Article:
Integrating the Curity Identity Server with API Gateways using the Phantom Token Pattern

Integrating the Curity Identity Server with API Gateways using the Phantom Token Pattern

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There are several articles in API gateway guides that describe how to implement the phantom token pattern, to ensure the confidentiality of tokens returned to internet clients. It should also be possible to leverage the pattern in any other API gateway, as long as it is capable of performing a few common tasks.

Configuring the Curity Identity Server

The configuration needed on the Curity Identity Server side is fairly minimal and is typically set up by default. If the first config has been completed with the defaults the system is set up to handle introspection. I.e., there is an introspection endpoint configured. Outside of that, a client with the Introspection capability is needed.

How to configure this as well as configuration examples are outlined in the OAuth Introspection and Phantom Tokens article.

The API Gateway

The API Gateway needs to be able to capture the opaque token from the incoming request and send that to the Curity Identity Server for introspection in order to get a JWT back. The JWT could then be cached by the gateway depending on its capabilities and then added to the Authorization header in the upstream request to the API.

Most gateways have some type of introspection capability that can be used. It would probably require the introspection endpoint to be set as well as client_id and client_secret so that the gateway can authenticate itself against the Curity Identity Server. The client_id and client_secret can be obtained from the Curity Identity Server configuration and should be of the client configured with the Introspection capability mentioned above.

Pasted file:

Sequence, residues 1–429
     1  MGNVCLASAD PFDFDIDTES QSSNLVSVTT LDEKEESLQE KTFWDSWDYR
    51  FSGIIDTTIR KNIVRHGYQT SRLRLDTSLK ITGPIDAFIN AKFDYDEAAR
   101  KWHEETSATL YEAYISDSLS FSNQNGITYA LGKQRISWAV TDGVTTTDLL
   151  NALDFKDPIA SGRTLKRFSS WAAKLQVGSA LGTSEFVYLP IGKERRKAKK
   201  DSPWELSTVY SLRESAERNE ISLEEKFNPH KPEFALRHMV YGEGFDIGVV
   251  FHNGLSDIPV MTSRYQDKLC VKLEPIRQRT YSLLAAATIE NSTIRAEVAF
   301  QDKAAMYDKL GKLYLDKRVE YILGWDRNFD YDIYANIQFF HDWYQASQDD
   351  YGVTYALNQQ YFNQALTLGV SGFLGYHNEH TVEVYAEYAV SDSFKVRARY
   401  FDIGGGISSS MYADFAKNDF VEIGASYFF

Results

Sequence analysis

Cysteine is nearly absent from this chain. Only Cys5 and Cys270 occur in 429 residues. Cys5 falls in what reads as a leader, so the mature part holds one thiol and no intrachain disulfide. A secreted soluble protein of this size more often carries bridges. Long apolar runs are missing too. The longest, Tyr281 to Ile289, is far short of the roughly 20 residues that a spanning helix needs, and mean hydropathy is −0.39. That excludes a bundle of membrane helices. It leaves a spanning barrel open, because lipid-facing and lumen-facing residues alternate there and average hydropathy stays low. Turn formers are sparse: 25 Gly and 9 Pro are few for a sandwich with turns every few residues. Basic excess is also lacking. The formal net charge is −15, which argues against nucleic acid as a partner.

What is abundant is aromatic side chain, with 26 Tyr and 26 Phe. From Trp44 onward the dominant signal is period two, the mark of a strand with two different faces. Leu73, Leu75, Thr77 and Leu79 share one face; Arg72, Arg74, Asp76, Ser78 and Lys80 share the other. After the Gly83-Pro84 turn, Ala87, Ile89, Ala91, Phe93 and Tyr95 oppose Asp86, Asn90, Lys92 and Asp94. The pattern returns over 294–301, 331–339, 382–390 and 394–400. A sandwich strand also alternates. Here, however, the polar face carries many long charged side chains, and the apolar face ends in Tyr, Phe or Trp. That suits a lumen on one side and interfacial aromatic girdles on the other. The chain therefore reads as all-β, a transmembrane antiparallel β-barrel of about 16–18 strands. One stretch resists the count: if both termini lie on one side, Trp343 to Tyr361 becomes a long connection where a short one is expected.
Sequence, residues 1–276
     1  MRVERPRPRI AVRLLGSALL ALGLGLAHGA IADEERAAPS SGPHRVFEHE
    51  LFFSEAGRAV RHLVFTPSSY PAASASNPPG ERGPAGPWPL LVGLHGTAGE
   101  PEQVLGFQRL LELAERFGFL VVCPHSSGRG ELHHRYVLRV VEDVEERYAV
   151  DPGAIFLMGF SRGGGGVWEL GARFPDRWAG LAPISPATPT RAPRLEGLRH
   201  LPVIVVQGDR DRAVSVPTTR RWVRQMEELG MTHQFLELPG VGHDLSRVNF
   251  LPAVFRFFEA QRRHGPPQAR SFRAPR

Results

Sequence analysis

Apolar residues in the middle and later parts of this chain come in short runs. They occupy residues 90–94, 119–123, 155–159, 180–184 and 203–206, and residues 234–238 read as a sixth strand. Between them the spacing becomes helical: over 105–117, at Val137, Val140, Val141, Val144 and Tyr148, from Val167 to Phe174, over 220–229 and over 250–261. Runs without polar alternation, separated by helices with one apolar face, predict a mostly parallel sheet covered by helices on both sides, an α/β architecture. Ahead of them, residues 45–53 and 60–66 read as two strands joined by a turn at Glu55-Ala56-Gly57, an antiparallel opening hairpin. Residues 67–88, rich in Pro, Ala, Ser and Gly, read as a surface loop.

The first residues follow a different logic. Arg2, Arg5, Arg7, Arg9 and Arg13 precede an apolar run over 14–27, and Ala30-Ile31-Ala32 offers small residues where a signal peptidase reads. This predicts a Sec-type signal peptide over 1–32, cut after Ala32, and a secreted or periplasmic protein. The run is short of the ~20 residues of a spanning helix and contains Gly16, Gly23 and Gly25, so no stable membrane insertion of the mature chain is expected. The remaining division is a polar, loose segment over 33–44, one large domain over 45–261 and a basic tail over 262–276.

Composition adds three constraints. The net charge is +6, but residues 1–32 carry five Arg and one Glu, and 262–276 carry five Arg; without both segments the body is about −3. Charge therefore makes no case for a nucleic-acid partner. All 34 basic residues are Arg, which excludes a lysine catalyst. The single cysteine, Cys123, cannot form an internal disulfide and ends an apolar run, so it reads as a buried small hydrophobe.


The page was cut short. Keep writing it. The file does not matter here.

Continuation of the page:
If the gateway has the ability to customize the header information sent in the introspection request to the Curity Identity Server, the Accept header with the value application/jwt can be used. This will make the gateway obtain a JWT directly in the introspection response. If it is not possible to modify the header information, the Curity Identity Server can be customized to respond with a JWT by modifying the token procedure. Details on how to configure this is outlined in the OAuth Introspection and Phantom Tokens article.

Plugin Example

The Lua Phantom Token plugin repo shows how to implement the pattern using the high-level LUA programming language. This example is used with the Kong and NGINX gateways and the code could be adapted to other programming languages.

Conclusion

In general, any API gateway should be possible to integrate with the Curity Identity Server using the Phantom Token Pattern. Some will have introspection capabilities out of the box, and some might require some kind of plugin or extension.

The details of the OAuth Introspection and Phantom Tokens is a useful read before trying to integrate the Phantom Token Pattern with any API gateway.